Types and OCAML
1. Which of the following expressions is well-typed in OCAML?
For those that are, give the type of the expression as a whole.
For those that are not, why not?
let rec f x = f x;;
let rec f x = f f;;
let rec f x = f x in f f;;
let rec f x = f x in f ();;
let rec f () = f f;;
let rec f () = f ();;
let rec f () = f () in f f;;
let rec f () = f () in f ();;
2. Throughout this problem, assume that we have
let rec omega x = omega x;;
All of the following are well-typed.
Which ones terminate? What are the generalizations?
omega;;
omega ();;
fun () -> omega ();;
(fun () -> omega ()) ();;
if true then omega else omega;;
if false then omega else omega;;
if true then omega else omega ();;
if false then omega else omega ();;
if true then omega () else omega;;
if false then omega () else omega;;
if true then omega () else omega ();;
if false then omega () else omega ();;
let _ = omega in 2;;
let _ = omega () in 2;;
3. The following expression is an attempt to make explicit the
behavior of `if`-`then`-`else` explored in the previous question.
The idea is to define an `if`-`then`-`else` expression using
other expression types. So assume that "yes" is any OCAML expression,
and "no" is any other OCAML expression (of the same type as "yes"!),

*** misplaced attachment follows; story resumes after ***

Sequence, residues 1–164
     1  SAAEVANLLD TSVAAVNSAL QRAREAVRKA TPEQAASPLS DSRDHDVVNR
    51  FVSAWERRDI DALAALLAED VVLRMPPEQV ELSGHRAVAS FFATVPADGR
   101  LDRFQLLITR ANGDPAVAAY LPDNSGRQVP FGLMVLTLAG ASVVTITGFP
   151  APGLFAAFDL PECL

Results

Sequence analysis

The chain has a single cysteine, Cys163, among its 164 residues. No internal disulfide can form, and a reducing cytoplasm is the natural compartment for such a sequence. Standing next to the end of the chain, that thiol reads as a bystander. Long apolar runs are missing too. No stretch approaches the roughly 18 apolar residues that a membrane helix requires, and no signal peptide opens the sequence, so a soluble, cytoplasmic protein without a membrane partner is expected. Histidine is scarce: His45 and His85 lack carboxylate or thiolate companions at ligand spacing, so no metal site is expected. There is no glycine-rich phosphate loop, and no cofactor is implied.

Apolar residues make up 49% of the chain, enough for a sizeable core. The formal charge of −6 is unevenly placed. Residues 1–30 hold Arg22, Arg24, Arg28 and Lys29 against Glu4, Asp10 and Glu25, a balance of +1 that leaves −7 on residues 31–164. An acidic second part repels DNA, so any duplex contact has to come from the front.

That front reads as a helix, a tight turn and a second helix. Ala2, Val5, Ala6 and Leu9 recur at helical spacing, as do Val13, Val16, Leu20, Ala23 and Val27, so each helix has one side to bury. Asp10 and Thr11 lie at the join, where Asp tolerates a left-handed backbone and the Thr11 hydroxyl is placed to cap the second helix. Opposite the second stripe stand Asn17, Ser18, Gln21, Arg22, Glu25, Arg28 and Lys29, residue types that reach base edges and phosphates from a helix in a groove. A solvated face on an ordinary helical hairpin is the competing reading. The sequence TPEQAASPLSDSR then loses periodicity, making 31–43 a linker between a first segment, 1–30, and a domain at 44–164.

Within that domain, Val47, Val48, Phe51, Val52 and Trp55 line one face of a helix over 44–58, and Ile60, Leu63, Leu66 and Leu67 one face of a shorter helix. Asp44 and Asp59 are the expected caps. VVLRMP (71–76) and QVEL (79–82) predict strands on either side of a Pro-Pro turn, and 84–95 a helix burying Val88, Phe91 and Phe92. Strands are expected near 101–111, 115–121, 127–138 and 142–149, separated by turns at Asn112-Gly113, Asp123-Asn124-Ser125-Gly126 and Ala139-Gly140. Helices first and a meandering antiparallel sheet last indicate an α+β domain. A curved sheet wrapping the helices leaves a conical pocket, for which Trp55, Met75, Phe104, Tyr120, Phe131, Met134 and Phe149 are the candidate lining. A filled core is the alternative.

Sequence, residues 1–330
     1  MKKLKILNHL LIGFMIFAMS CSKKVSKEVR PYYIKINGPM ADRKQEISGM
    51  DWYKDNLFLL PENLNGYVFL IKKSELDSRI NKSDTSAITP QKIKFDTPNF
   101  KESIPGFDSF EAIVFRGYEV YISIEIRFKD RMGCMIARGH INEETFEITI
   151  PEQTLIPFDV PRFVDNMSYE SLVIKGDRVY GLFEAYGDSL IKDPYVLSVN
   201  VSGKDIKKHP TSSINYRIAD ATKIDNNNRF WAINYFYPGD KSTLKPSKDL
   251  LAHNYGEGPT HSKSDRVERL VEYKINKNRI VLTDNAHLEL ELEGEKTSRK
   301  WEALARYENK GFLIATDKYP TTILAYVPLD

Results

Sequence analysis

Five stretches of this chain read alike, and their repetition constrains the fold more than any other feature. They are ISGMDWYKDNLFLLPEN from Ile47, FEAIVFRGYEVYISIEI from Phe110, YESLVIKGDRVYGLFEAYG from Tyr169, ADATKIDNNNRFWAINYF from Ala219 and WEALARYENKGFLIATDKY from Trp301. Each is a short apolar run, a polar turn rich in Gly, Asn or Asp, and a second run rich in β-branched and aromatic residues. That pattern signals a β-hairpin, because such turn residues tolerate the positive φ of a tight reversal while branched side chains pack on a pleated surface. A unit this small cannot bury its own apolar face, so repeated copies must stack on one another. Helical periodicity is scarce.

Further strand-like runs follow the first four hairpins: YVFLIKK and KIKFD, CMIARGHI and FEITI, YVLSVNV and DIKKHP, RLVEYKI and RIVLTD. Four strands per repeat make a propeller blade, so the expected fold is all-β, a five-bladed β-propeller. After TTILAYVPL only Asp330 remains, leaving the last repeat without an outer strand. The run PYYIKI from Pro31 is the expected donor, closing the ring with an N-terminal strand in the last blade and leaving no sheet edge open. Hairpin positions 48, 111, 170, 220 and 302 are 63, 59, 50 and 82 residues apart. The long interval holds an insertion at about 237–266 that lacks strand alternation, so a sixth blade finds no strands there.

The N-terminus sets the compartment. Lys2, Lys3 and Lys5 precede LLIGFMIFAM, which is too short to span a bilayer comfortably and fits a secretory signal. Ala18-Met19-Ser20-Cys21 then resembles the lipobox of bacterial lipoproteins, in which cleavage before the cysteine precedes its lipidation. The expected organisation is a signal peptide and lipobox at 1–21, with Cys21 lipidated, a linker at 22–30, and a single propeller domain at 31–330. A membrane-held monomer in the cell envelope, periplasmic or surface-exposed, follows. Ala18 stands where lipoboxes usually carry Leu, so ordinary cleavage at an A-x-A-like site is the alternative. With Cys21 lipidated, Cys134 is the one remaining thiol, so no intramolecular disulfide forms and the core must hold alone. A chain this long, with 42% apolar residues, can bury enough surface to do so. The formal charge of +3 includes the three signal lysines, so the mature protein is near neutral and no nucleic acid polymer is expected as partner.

and that "bool" is any boolean. Then we can try the following:
"if bool then yes else no" should be equivalent to
let b = bool in
let y = yes in
let n = no in
match b with true -> y | false -> n
This almost works. For instance,
if true then 1 else 2;;
evaluates to 1, and
let b = true in let y = 1 in let n = 2 in
match b with true -> y | false -> n;;
also evaluates to 1. Likewise,
if false then 1 else 2;;
and
let b = false in let y = 1 in let n = 2 in
match b with true -> y | false -> n;;
both evaluate to 2.
However,
let rec omega x = omega x in
if true then omega else omega ();;
terminates, but
let rec omega x = omega x in
let b = true in
let y = omega in
let n = omega () in
match b with true -> y | false -> n;;
does not terminate. Incidentally, `match bool with true -> yes |
false -> no;;` works as desired, but your assignment is to solve it
without using the magical evaluation order properties of either `if`
or of `match`. That is, you must keep the `let` statements, though
you're allowed to adjust what `b`, `y`, and `n` get assigned to.
[[Hint assignment 5 problem 3]]